Soft spoken, friendly, unassuming. That was my first impression of Keisha Tillis as she walked into a cycle class at a local gym. Wearing shorts with a loose fitting t-shirt and a do-rag on her head, she quietly said her hello’s as she made her way to the opposite side of the room and pulled out a bike. One Saturday morning when the class was nearly full, I had to pull my bike up alongside hers on the far wall. She was gracious in moving over and was concerned when I laid my head on my handle bars toward the end of class.
She asked if I had eaten. I had not.
“You need to get something in you before class. You need to fuel up.”
Then one week as I was working out with my trainer and fellow indoor cycle enthusiast, James Robison, he mentioned that Keisha was going to be on a TV show on AMC. “It’s called The Walking Dead. It’s about zombies.”
“Ugh – I’m not into zombies,” I said, but promised to have my husband record it. So we set it to record at our house, then forgot about it.
A week or two later, my younger brother called to tell me about this new show and how I really needed to watch it. He said he got turned onto it by his friend Bill, who lives in Pennsylvania. As he excitedly went on about how it was about zombies and was filmed in Georgia, I realized he was talking about Keisha’s show. “I know a girl that’s in that show. She’s supposed to be some kind of ‘zombie mama.’ ”
He just about lost it. He described her part as being one of the “lead” zombies on the show.
That was just the motivation I needed to queue it up and watch it.
Keisha (Jones) Tillis was born in Stone Mountain, Georgia, to Judith Ann and John Edward Jones, proud Spelman- and Morehouse-educated parents. Judith was a dedicated social worker and John, a pastor. Her parents divorced when she was just three years old, and her mother took over the job of raising her full-time as a single parent.
Keisha’s first love wasn’t acting, but singing. She got her start singing with the praise team at her church.
“My parents were devoted to the church. Love of God was instilled in me at a very young age,” she says.
Though her mother wasn’t totally sold on the idea of Keisha pursuing a career in the performing arts (she preferred something more practical), she encouraged her to audition for admittance to Northside School of the Performing Arts (now North Atlanta High School) through a magnet program. Keisha was accepted and spent her junior and senior years there. She also auditioned for the TV program Star Search, but didn’t make the cut.
“Stage-fright always seemed to get the best of me,” she says. Keisha remained close to her father over the years and went to live with him in Richmond, Virginia, soon after graduating from Northside in 1991. Not sure which career path to follow, she put her faith in God – literally – and worked in her father’s ministry full-time for four years at Manna Christian Fellowship in Richmond.
According to Keisha, “The time I spent serving others through the ministry brought me to where I am today. Success is not possible without God.”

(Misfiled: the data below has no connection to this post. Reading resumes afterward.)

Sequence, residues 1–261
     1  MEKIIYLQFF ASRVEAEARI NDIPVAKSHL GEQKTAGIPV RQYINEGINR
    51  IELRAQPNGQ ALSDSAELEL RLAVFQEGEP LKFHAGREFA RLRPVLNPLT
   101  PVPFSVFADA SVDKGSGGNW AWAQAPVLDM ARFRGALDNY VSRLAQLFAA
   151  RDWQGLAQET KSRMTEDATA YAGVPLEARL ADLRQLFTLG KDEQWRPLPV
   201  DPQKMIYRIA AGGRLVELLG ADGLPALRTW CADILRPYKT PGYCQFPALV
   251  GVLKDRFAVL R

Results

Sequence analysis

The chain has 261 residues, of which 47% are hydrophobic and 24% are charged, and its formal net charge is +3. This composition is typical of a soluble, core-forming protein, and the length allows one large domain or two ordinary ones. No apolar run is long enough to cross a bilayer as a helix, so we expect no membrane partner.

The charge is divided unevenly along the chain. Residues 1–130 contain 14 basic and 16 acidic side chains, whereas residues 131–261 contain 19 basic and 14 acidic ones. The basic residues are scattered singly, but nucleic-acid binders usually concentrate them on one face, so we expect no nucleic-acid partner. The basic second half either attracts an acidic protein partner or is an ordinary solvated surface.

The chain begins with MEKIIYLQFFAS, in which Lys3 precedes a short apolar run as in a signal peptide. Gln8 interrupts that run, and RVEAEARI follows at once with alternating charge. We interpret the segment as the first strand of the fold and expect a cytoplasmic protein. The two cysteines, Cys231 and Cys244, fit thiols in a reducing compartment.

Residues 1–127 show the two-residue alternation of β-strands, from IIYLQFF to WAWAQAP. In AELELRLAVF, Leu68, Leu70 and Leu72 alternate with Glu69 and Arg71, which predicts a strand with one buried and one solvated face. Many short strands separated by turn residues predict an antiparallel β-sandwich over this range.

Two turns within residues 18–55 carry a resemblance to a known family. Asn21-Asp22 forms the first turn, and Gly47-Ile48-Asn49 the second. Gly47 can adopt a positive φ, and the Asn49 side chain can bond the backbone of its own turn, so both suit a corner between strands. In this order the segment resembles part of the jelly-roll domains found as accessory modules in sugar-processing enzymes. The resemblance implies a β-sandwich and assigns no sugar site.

Keisha returned to Georgia in 1995 to live with her mother in East Point. She decided to pursue nursing and registered for classes at Dekalb Community College, much to the delight of her mother.
“My mother was always insistent that no matter what I decided to do, I needed to get an education,” she explains.
It was during this period, in her early twenties, that Keisha found work as a waitress at Chris Tucker’s Comedy Café in Atlanta. She also served as an assistant to Chris’ sister, arranging schedules and travel itineraries. She even started singing again, helping out a rapper girlfriend by singing the “hooks,” or choruses, on her tracks.
Then came the audition that changed her life.
An independent film maker was holding auditions downstairs at the comedy club.
Although Keisha had no acting experience, she was curious and decided to give it a shot.
Though she didn’t get a role in the film, the director told her she “had something” and cast her as the lead in a stage play to be performed at the club. Performing onstage at the club is when she says she had her “light bulb” moment.
“Standing on that stage, I knew I was doing what I was supposed to be doing. It felt right.”
Because her family had always stressed the importance of getting an education, Keisha’s approach to acting was one of learning. She knew she needed professional training, so she left Dekalb Community College behind and began taking acting classes in Atlanta. She started at Professional Actor’s Studio before finding a mentor in Gaylord Parsons at Celebrity Actor’s Studio. Keisha credits Parsons’ coaching, which he did for three years with her, as the key to learning her craft.
Keisha initially found work in small independent films, but she had an epiphany when she was cast as an extra in Remember the Titans with Denzel Washington. She remembers sitting in the stands during one scene thinking, “I didn’t get into this business to be an extra.”
Her mother was still unsure of this whole acting thing, but Keisha continued to plug away, getting herself an agent in 2001. Getting an agent was a big piece of the puzzle. She actually had to audition to become a client. But it paid off – she began getting calls for auditions. Things seemed to be happening for Keisha, but then came a blow that knocked her off her feet. Her mother was diagnosed with terminal cancer.
Keisha put her acting career on the back burner to take care of her mother, something she does not regret. Her mother passed away a year later, leaving Keisha depressed and wondering how to pick up the pieces and start working again.
“I was lost,” she says of that time.
So she immersed herself in acting and began auditioning again. As fate would have it, she met and befriended Dexter Tillis, another aspiring actor, at an audition. As it turned out, their paths had crossed before; he was also an extra in Remember the Titans.
They both had similar backgrounds and had the same passion for acting.
“We started studying together at first,” says Dexter, “and our relationship progressed from there.”